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Macbeth Paranoia Research Paper

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Macbeth

Even though Macbeth is influenced by Lady Macbeth and the witches throughout the play his hamartia causes him to do things that he might not have done. When Macbeth received his prophecy from the witches about becoming king, it causes him to believe that it will come true. In all actuality the prophecy causes him to commit murder so he canu become king but at the same time the witches knew this would happen. Macbeth is driven mad when he tries to make the witches prophecy come true. When he commits the murder of Duncan the madness begins, and from that point on he is in a state of paranoia.

The first murder that Macbeth committed, trying to fulfill the witches prophecy was when he murdered Duncan. Macbeth's paranoia starts before he even commits the act. "Is this a dagger which I see before me, The handles toward my hand? Com let me clutch thee." (Act II Scene I Lines 33 and 34) In Act two Scene one while Macbeth is on his way to Duncan's room he says he sees a dagger that is pointing him to Duncan's room. This shows that Macbeth knows what he is doing is wrong but tries to find a way to justify his actions. In this same act Macbeth claims that Duncan's two grooms yell out the words "Murder" and "God bless us". (Act II h Scene II Lines 20 and 24). This also shows that Macbeth is hearing things and knows what he is doing is wrong. He doesn't want to commit these murders but Lady Macbeth call out his manliness. Lady Macbeth wants to be in power more then her husband and continues to push Macbeth until he will follow through with the prophecy. This is still Macbeth's fault because he never had to murder Duncan and start this time of horror.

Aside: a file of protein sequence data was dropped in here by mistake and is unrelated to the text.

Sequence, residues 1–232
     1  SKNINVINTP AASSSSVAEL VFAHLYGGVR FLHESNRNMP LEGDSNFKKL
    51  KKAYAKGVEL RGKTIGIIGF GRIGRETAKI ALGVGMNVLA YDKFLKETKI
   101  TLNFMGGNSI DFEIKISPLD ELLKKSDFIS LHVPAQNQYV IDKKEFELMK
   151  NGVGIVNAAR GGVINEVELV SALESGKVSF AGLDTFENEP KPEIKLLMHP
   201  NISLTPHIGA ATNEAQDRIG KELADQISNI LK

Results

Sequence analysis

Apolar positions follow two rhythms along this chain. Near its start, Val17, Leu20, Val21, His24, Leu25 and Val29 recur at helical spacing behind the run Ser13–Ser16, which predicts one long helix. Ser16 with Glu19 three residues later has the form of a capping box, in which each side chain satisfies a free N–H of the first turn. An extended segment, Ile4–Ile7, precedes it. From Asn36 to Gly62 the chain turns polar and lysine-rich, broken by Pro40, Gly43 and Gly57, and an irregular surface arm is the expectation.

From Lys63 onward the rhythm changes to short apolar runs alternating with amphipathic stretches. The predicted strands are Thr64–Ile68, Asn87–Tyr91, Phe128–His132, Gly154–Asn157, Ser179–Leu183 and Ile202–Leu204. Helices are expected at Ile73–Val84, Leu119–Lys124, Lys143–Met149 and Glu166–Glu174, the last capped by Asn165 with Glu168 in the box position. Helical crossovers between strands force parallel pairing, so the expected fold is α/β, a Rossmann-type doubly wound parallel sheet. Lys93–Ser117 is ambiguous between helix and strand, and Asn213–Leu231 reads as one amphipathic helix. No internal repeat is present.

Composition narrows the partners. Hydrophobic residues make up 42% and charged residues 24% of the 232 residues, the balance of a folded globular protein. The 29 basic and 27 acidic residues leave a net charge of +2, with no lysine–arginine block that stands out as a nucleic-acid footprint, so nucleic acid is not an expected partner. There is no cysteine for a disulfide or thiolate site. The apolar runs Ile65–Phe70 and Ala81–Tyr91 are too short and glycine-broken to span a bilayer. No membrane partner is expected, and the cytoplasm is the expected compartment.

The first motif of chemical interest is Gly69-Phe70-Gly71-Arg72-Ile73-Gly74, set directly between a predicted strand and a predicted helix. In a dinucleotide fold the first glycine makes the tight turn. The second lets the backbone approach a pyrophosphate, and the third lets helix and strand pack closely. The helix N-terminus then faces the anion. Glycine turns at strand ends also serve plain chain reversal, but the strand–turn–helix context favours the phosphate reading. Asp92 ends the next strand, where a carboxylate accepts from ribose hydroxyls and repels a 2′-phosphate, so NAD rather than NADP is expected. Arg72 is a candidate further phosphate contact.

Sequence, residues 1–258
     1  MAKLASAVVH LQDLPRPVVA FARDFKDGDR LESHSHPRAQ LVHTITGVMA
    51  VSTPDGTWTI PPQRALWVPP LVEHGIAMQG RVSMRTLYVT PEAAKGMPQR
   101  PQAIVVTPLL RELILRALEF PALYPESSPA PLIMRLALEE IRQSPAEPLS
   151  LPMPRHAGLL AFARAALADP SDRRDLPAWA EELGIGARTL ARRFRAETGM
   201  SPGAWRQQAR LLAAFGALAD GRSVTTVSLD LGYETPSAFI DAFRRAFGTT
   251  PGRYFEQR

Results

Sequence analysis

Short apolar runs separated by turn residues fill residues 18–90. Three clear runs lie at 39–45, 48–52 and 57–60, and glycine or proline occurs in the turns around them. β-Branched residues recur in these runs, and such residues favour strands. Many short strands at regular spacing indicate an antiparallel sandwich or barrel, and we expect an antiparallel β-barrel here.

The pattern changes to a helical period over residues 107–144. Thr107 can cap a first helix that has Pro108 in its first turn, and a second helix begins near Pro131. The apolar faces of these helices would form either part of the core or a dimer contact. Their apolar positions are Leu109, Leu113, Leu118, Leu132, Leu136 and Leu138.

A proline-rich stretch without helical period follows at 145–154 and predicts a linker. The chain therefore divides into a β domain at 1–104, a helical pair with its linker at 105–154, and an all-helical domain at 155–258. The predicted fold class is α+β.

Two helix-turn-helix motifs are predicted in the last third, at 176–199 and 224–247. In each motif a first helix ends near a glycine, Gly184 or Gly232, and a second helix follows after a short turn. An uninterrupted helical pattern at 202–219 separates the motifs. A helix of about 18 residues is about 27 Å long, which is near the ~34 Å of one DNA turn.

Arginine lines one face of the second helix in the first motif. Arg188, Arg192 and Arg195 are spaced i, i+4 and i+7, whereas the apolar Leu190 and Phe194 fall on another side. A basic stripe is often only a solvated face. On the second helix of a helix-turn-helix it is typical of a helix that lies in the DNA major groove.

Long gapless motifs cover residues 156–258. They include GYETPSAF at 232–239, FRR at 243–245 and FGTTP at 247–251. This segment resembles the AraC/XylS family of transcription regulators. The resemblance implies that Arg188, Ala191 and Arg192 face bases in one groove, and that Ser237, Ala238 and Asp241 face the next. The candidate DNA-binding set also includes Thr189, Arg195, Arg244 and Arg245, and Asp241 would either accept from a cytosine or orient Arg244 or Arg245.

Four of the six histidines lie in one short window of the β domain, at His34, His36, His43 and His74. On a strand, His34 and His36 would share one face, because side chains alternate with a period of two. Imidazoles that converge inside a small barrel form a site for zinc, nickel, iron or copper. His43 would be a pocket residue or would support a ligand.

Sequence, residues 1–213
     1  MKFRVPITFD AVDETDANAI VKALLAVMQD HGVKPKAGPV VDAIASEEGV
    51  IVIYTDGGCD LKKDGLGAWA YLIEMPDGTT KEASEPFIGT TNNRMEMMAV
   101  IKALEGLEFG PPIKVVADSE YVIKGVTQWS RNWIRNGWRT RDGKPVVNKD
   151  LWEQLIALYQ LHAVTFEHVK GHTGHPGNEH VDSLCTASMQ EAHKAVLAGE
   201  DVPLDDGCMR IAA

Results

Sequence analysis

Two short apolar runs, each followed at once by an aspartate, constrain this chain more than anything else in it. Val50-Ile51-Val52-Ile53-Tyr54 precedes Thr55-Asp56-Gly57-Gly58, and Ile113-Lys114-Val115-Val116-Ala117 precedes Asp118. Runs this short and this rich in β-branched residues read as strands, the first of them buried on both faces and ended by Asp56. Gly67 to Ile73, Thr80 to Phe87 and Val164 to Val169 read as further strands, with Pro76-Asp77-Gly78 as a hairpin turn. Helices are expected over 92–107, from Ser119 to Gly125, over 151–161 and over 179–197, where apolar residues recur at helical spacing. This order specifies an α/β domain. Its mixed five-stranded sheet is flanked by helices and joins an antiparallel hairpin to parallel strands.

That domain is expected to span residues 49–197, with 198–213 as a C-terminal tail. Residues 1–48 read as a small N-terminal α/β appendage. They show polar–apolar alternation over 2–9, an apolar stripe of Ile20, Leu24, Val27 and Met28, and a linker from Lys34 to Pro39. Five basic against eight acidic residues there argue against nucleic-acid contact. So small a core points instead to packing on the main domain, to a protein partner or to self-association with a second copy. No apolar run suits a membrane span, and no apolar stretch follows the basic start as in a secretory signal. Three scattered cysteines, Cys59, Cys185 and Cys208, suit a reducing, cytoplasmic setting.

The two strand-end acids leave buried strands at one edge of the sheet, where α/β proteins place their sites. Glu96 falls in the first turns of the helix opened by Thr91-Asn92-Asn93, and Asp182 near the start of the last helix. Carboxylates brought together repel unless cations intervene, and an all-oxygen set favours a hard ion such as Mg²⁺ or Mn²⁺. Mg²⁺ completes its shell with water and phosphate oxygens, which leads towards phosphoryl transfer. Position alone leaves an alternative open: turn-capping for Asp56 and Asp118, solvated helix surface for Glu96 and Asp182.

This is also the same time when Macbeth says "Glamis hath murdered sleep, a...

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... that it caused him did not allow him to enjoy it.

Macbeth is responsible for all of the actions that drive him insane. This all happens after he receives the prophecy from the witches about becoming king. Before he commits the first murder he says that he sees a dagger pointing him to Duncan's room. This dagger that he sees is a figure of his imagination justifying to himself that it is ok to commit the murder. When they are at the dinner and Banquo's ghost appears and Macbeth is the only one who can see it, but this time Macbeth is having a feeling of regret why he has had his best friend murdered. Even though Lady Macbeth and the witches might of pushed Macbeth to do it, it was actually Macbeth who causes all the madness.

Works Cited

Shakespeare, William, and John Crowther. No Fear Shakespeare: Macbeth. ed. New York: Spark Publishing, 2003. Print.
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